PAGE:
You are now prepared to embark on the journey of making a garden that is organic and healthy. Your timing is awesome! Keep reading for tips any beginner will find useful.
To make the most of the water you use, be sure to water your plants first thing in the morning. Doing this makes your water less likely to evaporate, and allows foliage to dry quickly. This reduces the risk of many common diseases, and will help your plants grow to be strong and healthy.
Create a certain mood for your garden. Just as with interior design, one of the most exciting aspects of garden design is using color to create a mood or feeling. Use soft blues and purples for a cool and soothing atmosphere, yellows for cheerfulness, and reds and oranges to create excitement. If you are uncomfortable when deciding on colors, choose plants with grey-green or silvery foliage to mix in with your flowers. They will act as a ‘buffer’ between incompatible colors and link different color schemes.
If you don’t have someone to water your plants while you’re out of town, build a homemade watering device! Simply make a small hole in the bottom of a jug, block the hole, and then fill it with water. Place the jug near the base of the plant and remove whatever is blocking the hole. This will slowly give your plant the water it needs while you’re away.
To make your own miniature greenhouse, simply cover a pot with an old plastic bag. This will mimic the humid environment that allows plants inside a greenhouse to thrive. If you’d also like to protect your plant from the weather, build a dome out of a sturdy plastic and place it atop the plant.
Start a journal for your garden. This is an excellent way to keep track of the progress you are making as a gardener. Write down which seeds were successful and what methods you used to encourage growth. You can also take pictures of your plants to include in your book.
Think carefully about how you are going to lay out your vegetable garden. Unlike most other gardens, you want to consider practicality over aesthetics for your vegetables. Some vegetables emit chemicals that can inhibit another’s growth; some tall vegetables might overshadow small vegetables, which might not allow them to grow and ripen. Look at each vegetable plant’s properties and carefully consider where to put it in your garden.
To keep cats, snakes, and other critters out of your garden, use moth balls. Moth balls may not smell pleasant to us, but they smell even worse to most animals, and they’ll easily scare them away. Simply scatter a few moth balls at the edges of your garden. Moth balls can be obtained very cheaply from drug stores and dollar stores.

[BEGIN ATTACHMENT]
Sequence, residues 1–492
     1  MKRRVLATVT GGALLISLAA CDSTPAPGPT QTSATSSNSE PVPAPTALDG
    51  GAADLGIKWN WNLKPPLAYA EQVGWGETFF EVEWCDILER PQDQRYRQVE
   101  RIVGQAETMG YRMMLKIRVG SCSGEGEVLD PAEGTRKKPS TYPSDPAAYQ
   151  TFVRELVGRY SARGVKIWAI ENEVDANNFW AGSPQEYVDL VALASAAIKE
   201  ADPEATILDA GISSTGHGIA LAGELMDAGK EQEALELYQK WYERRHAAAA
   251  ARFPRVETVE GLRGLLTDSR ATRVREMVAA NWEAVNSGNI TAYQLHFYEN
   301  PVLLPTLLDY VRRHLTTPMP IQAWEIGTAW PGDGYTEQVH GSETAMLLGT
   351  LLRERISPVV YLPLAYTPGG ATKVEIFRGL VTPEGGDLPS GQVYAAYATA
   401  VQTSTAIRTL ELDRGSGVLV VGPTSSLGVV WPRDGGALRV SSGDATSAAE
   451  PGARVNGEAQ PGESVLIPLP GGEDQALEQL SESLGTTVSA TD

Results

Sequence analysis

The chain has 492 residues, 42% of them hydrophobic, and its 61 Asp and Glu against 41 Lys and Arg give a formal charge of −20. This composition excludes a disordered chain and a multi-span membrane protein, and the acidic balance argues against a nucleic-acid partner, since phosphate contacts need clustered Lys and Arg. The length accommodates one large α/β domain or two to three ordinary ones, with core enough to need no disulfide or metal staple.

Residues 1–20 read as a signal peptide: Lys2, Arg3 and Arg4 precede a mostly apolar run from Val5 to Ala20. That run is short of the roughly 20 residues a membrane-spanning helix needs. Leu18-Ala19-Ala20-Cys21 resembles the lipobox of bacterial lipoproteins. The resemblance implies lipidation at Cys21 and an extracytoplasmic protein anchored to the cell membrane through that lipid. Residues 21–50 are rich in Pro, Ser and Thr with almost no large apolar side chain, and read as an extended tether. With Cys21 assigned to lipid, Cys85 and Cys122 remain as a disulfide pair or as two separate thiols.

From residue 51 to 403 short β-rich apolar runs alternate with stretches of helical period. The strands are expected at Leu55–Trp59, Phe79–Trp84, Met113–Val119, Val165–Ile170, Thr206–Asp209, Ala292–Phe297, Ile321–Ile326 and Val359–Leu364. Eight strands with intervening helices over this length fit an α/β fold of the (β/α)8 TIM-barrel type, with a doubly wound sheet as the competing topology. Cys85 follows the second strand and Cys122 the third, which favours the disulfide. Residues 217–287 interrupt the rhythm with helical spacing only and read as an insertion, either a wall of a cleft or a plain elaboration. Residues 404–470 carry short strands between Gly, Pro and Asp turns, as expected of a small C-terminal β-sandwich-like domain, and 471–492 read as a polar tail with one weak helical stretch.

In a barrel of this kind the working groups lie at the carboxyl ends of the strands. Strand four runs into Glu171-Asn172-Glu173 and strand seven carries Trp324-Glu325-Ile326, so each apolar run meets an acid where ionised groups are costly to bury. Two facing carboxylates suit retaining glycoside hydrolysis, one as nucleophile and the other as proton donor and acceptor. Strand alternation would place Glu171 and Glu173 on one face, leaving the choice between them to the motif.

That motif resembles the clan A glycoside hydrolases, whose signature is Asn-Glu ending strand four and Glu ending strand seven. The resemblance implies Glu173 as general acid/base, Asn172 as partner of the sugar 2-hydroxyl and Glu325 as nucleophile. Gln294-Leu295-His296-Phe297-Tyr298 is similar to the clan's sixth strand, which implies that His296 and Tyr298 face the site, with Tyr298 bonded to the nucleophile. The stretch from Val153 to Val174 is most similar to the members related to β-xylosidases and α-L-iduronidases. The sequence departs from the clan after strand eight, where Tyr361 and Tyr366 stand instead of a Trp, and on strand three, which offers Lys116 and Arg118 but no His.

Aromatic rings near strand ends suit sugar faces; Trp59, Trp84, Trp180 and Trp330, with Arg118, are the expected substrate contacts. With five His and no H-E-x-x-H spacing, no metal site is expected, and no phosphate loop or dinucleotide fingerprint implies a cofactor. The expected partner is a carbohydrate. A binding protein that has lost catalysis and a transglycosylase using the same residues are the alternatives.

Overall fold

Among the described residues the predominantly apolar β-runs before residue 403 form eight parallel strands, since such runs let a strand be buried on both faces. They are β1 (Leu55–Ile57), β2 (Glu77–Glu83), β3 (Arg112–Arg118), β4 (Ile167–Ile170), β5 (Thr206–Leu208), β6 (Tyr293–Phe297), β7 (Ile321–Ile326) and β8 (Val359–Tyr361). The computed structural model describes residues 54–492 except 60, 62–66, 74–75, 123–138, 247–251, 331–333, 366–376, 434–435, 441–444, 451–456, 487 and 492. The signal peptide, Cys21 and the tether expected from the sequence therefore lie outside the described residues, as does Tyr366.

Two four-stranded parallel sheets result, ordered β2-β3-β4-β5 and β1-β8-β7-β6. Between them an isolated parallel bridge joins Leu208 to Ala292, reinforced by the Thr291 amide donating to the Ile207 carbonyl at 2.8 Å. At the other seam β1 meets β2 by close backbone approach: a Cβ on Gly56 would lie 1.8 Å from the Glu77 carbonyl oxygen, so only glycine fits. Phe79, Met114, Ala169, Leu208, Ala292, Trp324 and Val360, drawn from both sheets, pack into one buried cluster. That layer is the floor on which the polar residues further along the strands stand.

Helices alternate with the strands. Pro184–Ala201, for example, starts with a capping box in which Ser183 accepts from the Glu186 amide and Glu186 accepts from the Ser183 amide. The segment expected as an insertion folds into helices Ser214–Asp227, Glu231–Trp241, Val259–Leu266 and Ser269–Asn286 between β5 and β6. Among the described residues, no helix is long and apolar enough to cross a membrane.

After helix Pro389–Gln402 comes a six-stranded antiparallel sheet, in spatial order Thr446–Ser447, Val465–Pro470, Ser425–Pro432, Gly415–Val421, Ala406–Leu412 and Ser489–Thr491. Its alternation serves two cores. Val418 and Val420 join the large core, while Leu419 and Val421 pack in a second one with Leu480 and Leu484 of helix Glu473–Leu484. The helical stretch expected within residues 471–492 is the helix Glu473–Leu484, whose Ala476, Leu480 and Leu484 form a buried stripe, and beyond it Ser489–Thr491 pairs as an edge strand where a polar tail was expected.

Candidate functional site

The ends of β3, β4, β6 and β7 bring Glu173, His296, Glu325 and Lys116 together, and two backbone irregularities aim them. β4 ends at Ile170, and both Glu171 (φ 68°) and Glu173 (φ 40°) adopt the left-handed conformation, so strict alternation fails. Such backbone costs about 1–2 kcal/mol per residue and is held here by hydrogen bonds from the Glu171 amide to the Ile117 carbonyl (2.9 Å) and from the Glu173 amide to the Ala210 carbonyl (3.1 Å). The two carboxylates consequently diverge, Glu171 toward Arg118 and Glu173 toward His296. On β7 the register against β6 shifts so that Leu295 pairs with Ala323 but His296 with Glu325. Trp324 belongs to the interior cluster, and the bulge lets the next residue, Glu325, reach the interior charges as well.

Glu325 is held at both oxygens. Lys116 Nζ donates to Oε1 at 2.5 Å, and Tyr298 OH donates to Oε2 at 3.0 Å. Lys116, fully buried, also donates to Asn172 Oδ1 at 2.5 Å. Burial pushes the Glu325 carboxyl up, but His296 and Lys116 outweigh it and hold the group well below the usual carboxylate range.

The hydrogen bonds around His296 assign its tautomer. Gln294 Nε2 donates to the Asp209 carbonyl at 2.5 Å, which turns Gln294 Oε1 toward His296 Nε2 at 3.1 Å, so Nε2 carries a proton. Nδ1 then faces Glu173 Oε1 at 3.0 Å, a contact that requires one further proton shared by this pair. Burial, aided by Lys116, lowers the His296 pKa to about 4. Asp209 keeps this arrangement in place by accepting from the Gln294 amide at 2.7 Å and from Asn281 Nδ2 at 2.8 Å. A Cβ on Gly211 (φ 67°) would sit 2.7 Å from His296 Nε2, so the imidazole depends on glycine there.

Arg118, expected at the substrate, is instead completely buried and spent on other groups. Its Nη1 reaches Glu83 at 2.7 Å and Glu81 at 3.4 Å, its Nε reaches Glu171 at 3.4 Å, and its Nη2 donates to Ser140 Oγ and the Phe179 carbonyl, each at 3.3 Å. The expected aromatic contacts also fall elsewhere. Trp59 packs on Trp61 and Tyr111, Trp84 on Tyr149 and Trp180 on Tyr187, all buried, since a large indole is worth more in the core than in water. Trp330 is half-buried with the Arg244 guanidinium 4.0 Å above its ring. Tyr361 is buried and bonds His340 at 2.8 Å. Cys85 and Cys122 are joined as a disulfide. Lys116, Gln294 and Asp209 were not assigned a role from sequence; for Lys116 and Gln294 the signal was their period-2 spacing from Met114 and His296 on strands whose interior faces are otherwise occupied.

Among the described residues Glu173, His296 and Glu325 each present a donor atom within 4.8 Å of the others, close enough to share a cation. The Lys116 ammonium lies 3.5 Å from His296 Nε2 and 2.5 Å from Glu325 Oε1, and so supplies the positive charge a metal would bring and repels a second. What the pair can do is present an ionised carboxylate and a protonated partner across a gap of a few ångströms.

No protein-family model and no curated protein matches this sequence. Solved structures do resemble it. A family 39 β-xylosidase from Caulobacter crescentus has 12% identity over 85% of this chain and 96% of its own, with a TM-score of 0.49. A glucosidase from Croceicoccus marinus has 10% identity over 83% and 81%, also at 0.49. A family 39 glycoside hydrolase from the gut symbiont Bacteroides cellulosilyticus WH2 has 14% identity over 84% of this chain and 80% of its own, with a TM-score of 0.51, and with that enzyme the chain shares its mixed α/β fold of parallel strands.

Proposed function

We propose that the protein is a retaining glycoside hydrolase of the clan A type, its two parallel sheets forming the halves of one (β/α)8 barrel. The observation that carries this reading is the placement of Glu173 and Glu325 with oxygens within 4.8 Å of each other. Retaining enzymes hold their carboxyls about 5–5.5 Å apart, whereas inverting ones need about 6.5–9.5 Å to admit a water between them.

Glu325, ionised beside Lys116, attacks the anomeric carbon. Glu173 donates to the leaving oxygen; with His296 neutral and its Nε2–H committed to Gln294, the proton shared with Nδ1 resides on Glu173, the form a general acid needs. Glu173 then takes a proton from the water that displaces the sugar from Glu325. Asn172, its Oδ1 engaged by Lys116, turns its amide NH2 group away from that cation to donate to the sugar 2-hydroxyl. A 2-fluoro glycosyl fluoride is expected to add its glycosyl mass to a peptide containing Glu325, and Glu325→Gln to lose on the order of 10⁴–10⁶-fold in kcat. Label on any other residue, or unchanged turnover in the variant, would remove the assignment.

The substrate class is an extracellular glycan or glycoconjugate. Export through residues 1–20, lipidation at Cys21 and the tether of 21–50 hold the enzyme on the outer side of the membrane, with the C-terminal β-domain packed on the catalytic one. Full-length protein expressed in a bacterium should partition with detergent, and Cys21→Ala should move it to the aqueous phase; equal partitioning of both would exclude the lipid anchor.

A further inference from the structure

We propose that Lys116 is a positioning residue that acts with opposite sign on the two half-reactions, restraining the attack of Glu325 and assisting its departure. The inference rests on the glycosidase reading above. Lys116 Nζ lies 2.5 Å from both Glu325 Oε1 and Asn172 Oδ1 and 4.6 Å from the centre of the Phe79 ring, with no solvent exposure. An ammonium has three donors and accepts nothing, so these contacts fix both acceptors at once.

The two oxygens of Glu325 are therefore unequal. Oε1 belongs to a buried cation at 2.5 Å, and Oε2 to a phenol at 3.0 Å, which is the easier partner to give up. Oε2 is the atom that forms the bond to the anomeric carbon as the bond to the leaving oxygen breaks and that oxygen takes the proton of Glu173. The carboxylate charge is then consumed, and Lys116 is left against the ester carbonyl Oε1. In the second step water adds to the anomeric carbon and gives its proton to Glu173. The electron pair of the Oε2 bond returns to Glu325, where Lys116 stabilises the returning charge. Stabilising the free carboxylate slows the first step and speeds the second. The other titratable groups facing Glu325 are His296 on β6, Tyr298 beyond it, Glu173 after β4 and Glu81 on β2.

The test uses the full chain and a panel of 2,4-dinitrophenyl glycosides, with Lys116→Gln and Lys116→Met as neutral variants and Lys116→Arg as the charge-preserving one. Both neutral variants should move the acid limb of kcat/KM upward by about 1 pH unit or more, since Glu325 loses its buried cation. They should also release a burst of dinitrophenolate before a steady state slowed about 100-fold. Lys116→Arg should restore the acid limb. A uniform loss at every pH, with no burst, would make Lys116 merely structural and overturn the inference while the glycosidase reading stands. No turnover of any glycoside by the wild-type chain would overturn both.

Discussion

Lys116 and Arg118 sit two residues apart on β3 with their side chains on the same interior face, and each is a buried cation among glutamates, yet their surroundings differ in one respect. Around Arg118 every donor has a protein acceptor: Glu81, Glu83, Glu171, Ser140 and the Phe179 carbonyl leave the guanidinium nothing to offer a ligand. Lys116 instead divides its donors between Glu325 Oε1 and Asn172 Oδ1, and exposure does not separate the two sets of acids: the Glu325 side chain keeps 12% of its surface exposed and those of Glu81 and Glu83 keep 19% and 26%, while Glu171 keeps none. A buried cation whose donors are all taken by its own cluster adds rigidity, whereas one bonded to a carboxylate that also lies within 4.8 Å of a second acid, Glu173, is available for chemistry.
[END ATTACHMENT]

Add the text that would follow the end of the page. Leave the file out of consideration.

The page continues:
Be sure that you have earthworms in your soil. Earthworms are vital to good organic gardening, because they aerate the soil. Also, the by-products of earthworm digestion are actually great plant food. Earthworms encourage soil bacteria that provide needed nutrients to your plants while competing with harmful insect pests, reducing the need for chemical pesticides and fertilizers.
Reduce the need for pesticides in your garden by planting native crops. Native plants will have a better resistance against the bugs and bacteria of your area, and will be better equipped to compete with native weeds. Native plants will attract beneficial native insects, such as ladybugs, which can naturally control pest problems without the need for chemicals.
Calculate how much water your plants truly need. Thinner plants generally need more water; they contain larger surface area with less capacity to store water. Plants with large, thick waxy leaves are often more suited for water-starved environments. Over-watering may also cause problems with the plant due to microbial growth on their roots.
Rotate your crops to prevent permanent populations of pests in your garden. As with any ecosystem, pests need a certain amount of time to nest and build up a proper population within a garden. These pests are specially suited for one environment and one food source. By switching their food source you can essentially keep your pest population down simply because they are unable to adapt to the new type of plant.
A natural, albeit somewhat tedious, way to keep pests and fungus from destroying your organic fruit crop is to use plastic zipper bags. When the fruits are still young on the branches, place them in large zipper bags secured at the top with staples. Cut off a bottom corner to allow for adequate drainage.
You should be more prepared with organic gardening. You are now the expert, even if you didn’t think so before. Remember to apply these tips as you plan and take care of your garden.